Different stages in a simulation of trawl board pull-over, HSP = 5 m, α = 45 deg, top view. The numbers indicate the different stages as follows: (1) warp line–pipeline contact begins; (2) trawl board leaves the seabed; (3) the tip of the trawl board passes the centerline of the pipeline; (4) trawl board–pipeline contact begins; (5) trawl board becomes horizontal; (6) warp line–pipeline contact ends; and (7) trawl board–pipeline contact ends.

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Fig. 19

Warp line tension in the simulation, α = 90 deg, flat, D = 1.20 m

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Fig. 20

Simulation snapshots, α = 90 deg, flat, D = 1.20 m: (a) HSP = 0.25 m, 31 s, (b) HSP = 0.25 m, 33 s, (c) HSP = 0.25 m, 35 s, (d) HSP = 0.36 m, 31 s, (e) HSP = 0.36 m, 33 s, and (f) HSP = 0.36 m, 35 s

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Fig. 14

Warp line tension, HSP = 5 m, α = 45 deg, with span shoulder

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Fig. 15

Simulation snapshots, HSP = 5 m, α = 45 deg, with span shoulder: (a) 29.5 s, (b) 30.5 s, (c) 31.5 s, (d) 32.5 s, (e)35.5 s, and (f) 37.5 s

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Fig. 16

Warp line tension, HSP = 5 m, α = 20 deg, with span shoulder

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Fig. 17

Simulation snapshots, HSP = 5 m, α = 20 deg, with span shoulder: (a) 29.5 s, (b) 30.5 s, (c) 31.5 s, (d) 32.5 s, (e) 33.5 s, and (f) 34.5 s

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Fig. 21

A cross-sectional sketch of the five-point data

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Fig. 22

Event chain of trawl board hooking events: the boxes with light and dark background colors represent events and conditions, respectively

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Fig. 23

Hooking events reported by fishermen in the North Sea from 2011 to 2013 (Source: The Norwegian Fishery Directorate)

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Fig. 24

Existing and planned pipelines (Source: The Norwegian Petroleum Directorate 2013)

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Fig. 25

Sliding distance as a function of the angle of attack at different span heights: (a) l1, D = 1.20 m, (b) l2, D = 1.20 m, (c) l1, D = 0.75 m, and (d) l2, D = 0.75 m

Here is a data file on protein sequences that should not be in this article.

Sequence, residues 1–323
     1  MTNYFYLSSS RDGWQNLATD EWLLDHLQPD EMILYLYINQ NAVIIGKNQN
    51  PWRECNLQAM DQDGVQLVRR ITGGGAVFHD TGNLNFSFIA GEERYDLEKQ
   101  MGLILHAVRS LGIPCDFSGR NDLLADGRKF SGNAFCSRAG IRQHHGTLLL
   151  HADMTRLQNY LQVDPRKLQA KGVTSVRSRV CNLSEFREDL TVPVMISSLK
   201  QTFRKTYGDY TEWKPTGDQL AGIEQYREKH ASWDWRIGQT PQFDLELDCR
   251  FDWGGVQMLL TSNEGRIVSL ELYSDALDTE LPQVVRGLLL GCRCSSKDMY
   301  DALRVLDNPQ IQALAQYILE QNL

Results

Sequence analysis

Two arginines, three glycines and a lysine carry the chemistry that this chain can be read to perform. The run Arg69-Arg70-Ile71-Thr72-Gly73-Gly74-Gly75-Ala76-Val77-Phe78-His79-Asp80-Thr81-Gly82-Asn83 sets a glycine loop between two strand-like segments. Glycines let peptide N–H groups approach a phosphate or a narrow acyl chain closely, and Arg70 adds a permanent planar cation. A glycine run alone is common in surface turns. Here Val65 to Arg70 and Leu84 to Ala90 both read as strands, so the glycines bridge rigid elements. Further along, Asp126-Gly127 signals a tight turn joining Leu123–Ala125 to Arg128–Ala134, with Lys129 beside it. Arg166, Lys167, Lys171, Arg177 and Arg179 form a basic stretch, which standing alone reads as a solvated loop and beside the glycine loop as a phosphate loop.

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Fig. 27

Fishing activities along the EUROPIPE II from KP 0 to KP 180, the KP values refer to Fig. 26(a): (a) crossings counting example (10 km interval), in 2012, the numbers represent the number of crossings within the corresponding pipeline section interval (b) distribution of crossings, from 2011 to 2013, and (c) distribution of relative trawling direction, from 2011 to 2013

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Fig. 28

Event chain of trawl board hooking events with simplified conditions: the boxes with light and dark background colors represent events and conditions, respectively

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Fig. 26

Information about the EUROPIPE II from KP 12 to KP 166: (a) KP location of the pipeline section of concern, (b) distribution of the maximum span height, and (c) distribution of the free span length

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Fig. 29

Cumulative average number of hooking incidents per 4000 events, with different crossing angles: (a) hitting location uniformly distributed and (b) hitting location based on trawling frequency

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Fig. 30

Cumulative average number of hooking incidents per 4000 events, with different rates of destabilization: (a) hitting location uniformly distributed and (b) hitting location based on trawling frequency

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Fig. 31

Cumulative average number of hooking incidents per 4000 events, at different trawl board heights: (a) hitting location uniformly distributed and (b) hitting location based on trawling frequency